Thursday, January 16, 2020

Favorite (four), sixty-four

Just like in my other sixty-three posts in this series, I want to take a second to single out the highlights of my recent film viewing.  Most of the films I have been glad to see but only a very few have stayed with me.  This series is my filter for those and my hope is one or two will be good to you as well.

Elaine May's Mikey and Nicky
May only made four features and I had seen the other three before seeing this for the first time.  In seeing her other work, it was already very clear that May was unusually good with her actors and had this very unique, punchy editing style.  Nothing else May had done creates the sense of dread so palpable here or has this level of realism.  It would rank on my list with any overview of key American New Wave films.  It is unrelenting, powerful and a bit different than anything else I have ever seen.

Olivier Assayas' Cold Water
It's hard to place the film stylistically within the history of French cinema.  To come closest, I would say in its thematic interests and mood it reminded me of Pialat.  In its style, I can't think of anyone up to that point in French cinema who used long takes and the handheld camera as much as Assayas does.  I found both the style and the downbeat tone a bit overly heavy.  But there are a number of things on the other hand that are excellent - Assayas' sense of place, use of music, Ledoyen's beauty, and the film's final three to five minutes.

Eric Rohmer's Perceval le Gallois
In Stylistically the film is an oddity in Rohmer's body of work.  An artifical period piece with a Greek chorus does not readily recall any of his other films.  But when considered as a morality tale with an ambition toward the transcendence of a Bresson or Ozu work, it becomes clear it is an Eric Rohmer film.  The final five minutes rank with the most raw and disturbing of anything he has ever made.  As a result, the desired effect of transcendence, of producing a final feeling or shot that rises above all that has come before, is masterfully achieved.

Yasujiro Ozu's Brothers and Sisters of the Toda Family
I would call this the first Ozu sound masterpiece, and arguably his greatest film up to this point in his career. 

Emotionally and thematically, it is deeply complex and satisfying as it takes on the larger family structure that would become one of his favorite themes to explore.  The speech toward the end by Shojiro ranks as one of the most powerful and moving scenes in Ozu's work.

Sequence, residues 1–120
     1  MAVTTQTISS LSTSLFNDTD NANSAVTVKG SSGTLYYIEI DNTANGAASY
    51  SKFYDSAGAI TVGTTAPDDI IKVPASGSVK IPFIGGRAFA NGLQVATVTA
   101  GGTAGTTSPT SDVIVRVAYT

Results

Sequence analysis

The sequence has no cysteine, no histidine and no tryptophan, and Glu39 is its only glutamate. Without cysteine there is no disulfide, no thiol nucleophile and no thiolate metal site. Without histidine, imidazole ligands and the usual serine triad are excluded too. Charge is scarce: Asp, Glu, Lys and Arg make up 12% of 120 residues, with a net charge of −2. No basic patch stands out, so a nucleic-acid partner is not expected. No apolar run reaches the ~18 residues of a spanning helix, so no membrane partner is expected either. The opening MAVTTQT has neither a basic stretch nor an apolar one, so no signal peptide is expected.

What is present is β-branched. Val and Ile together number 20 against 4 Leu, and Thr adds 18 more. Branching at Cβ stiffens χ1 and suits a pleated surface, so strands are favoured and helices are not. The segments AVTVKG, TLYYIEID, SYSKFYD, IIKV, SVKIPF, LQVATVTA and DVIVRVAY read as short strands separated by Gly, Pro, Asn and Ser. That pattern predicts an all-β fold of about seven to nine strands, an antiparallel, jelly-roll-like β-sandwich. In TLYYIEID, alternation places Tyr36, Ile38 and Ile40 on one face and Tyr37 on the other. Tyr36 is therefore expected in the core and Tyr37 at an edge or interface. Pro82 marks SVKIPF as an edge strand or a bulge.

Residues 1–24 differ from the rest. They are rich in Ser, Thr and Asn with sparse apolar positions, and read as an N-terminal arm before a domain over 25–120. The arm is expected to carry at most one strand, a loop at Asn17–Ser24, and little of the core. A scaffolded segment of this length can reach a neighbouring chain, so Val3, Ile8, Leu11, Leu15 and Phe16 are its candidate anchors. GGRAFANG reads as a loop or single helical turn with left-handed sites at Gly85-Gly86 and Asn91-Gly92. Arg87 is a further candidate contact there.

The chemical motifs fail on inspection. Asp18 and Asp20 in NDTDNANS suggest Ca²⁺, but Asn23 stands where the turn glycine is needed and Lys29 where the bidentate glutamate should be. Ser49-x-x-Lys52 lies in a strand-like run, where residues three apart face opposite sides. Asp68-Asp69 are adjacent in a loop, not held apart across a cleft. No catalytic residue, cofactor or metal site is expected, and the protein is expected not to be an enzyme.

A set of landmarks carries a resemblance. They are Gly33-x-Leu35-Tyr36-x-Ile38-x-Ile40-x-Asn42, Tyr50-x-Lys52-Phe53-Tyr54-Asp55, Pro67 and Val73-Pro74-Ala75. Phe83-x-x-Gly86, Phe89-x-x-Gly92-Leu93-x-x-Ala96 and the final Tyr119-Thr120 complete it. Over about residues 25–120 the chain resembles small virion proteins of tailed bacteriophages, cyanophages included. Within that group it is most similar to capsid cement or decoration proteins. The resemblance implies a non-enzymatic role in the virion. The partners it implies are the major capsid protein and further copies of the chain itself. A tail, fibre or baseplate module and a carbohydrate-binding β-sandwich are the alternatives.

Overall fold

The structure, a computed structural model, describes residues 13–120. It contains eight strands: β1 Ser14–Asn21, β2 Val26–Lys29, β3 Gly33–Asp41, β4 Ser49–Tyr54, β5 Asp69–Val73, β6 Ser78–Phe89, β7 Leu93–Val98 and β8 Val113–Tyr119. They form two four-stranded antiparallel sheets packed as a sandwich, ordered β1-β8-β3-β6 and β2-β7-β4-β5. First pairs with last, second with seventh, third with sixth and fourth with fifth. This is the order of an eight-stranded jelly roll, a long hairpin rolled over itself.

From a formal standpoint, the poetry and lyricism of Ozu are fully beginning to flourish.  The film is full of his trademark ellipses to show the passage of time and the number of shots of people-less frames are prevalent throughout.  I could be wrong but I credit the latter as coming from the influence of Lang's M

The other formal aspect that jumped out at me was Ozu's periodic use of non-diegetic music.  It is the first time I can remember him punctuating certain moments with non-diegetic classical music.  And the way that he uses it feels very similar to the way that Bresson would later treat music in films such as Pickpocket.


  1. Glad someone else has the same feeling about Mikey and Nickey. Only seen it once and it was a few years back but it has stayed with me since. Really gritty,dirty feel and very odd tone and as you said in the editing techniques,music etc. Falk is one of the most underrated actors of all time. This is better then the only other one I have seen of hers which is A Leaf leaf which I saw after this a year or so later. New Leaf seemed muddled and disjointed lacking vision despite the the good set up, script etc. She had problems I have read from people trying to change it and it shows. The ending felt forced. Mikey and nicky has a clear vison and ending feels right. Very good film about relationships on the strain/at the end even if it is not a romantic one. Has its lighter moments too from memory but it is utterly realistic. very quirky

    1. Thanks so much for the words. I feel exactly the same about Mikey and Nicky.